1. Catching the readers interest couldn't be more spot on! Knowing how to make your character relateable is key!

    BTW - I'm the one who didn't read the books so I appreciate the vagueness!

    Enjoy the conference!

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  2. Something I've noticed about writing compelling characters is that they may take a few chapters to develop. Some of my characters seem flat when they first see the light of day, but develop depth as they live and grow on the page.

    That means, once I know the character really well, I have to go back and revise the opening chapters to match the rest of the book.

    I recently critiqued a ms for a friend, and I was really worried when I started it. The MC was lifeless and lacking in voice. However, by the end of the ms, he was fully developed and a delight to read. I advised my friend that he *desperately* needed to re-write the opening chapters in the same voice he used in the closing chapters.

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  3. Great post Christine, well said!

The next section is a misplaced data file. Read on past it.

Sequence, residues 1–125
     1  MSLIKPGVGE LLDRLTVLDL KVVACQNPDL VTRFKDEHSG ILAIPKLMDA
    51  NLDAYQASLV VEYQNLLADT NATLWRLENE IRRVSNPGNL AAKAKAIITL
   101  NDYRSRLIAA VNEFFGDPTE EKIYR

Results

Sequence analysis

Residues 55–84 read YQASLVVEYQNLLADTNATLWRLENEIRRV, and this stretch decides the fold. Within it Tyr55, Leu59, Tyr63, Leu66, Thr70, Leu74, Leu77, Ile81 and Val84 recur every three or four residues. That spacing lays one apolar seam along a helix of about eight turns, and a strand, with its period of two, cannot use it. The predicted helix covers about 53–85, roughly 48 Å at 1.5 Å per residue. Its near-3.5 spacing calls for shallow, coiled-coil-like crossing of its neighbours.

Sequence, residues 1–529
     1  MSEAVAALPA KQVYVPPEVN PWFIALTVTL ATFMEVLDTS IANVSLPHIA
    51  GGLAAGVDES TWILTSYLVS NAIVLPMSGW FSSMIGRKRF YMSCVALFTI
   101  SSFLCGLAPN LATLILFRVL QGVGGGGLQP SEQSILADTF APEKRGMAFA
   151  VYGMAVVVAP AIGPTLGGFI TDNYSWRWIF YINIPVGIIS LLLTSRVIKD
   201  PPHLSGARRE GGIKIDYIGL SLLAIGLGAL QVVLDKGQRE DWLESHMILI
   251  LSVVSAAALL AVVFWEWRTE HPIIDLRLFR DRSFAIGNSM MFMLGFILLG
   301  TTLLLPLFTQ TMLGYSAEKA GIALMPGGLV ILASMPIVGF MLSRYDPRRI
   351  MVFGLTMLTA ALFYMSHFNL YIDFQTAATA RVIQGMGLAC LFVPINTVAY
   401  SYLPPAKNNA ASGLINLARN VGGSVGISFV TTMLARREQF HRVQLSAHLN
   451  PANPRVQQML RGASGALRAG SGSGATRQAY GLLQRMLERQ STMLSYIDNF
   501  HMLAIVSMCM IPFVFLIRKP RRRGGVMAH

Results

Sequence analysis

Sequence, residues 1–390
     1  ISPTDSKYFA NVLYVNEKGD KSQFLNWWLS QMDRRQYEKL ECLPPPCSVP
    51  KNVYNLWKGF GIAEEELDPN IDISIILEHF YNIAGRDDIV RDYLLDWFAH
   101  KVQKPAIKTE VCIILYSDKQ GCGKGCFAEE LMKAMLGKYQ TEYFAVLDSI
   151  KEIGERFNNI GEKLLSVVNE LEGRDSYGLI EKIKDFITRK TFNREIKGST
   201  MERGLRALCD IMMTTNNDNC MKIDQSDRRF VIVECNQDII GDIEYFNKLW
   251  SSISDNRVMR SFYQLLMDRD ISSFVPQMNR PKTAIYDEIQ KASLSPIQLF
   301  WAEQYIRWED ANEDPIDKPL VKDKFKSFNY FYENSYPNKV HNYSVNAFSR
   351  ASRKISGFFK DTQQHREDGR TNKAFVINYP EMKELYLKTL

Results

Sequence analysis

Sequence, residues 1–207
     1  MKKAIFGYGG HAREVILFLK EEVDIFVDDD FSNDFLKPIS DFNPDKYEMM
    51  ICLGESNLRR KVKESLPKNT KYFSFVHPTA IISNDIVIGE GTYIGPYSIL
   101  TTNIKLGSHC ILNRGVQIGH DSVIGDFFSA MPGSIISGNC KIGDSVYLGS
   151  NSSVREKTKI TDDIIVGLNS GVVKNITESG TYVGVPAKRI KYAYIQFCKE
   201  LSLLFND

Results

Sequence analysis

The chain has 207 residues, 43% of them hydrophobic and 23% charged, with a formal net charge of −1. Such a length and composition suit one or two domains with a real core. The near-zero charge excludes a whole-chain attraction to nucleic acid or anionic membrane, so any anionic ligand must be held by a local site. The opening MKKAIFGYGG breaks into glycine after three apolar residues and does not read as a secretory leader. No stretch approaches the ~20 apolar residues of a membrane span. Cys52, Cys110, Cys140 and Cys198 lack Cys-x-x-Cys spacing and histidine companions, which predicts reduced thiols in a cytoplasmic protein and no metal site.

Have a great time at the conference.

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  4. Using the definition is a great idea! And Pendergast from Lincoln & Child's books is a compelling character to me. He's a mess but he gets the job done!

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  5. Wow, so many great posts on writing compelling characters. Everyone has such awesome points.

    Good luck with the crit, and enjoy the conference.

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  6. Are you kidding? This post is brilliant!!!
    Have fun at the conference!

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  7. I like how you analyze a book that worked well for you. That's a great exercize we all can try at home. Thanks!